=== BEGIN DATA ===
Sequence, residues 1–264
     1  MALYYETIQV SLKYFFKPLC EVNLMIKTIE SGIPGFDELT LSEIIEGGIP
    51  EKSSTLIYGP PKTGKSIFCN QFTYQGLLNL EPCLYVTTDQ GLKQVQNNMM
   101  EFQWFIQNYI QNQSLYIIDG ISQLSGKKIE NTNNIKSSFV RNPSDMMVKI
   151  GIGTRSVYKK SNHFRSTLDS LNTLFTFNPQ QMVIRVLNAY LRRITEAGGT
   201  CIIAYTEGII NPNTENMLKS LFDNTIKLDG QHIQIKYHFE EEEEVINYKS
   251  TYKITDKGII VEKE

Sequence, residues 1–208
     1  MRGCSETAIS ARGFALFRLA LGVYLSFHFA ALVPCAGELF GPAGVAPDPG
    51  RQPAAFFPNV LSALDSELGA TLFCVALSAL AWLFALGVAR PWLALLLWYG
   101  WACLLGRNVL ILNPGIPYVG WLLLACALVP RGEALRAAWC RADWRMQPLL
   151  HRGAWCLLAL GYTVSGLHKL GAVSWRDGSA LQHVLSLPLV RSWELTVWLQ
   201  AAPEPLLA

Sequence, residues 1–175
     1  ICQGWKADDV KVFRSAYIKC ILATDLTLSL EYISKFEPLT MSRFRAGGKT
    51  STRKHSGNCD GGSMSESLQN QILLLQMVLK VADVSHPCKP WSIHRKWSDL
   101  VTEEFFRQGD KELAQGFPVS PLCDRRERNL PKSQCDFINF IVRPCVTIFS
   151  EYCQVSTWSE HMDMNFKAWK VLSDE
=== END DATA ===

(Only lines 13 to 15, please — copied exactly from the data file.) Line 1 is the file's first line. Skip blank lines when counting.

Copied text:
   201  AAPEPLLA

Sequence, residues 1–175
     1  ICQGWKADDV KVFRSAYIKC ILATDLTLSL EYISKFEPLT MSRFRAGGKT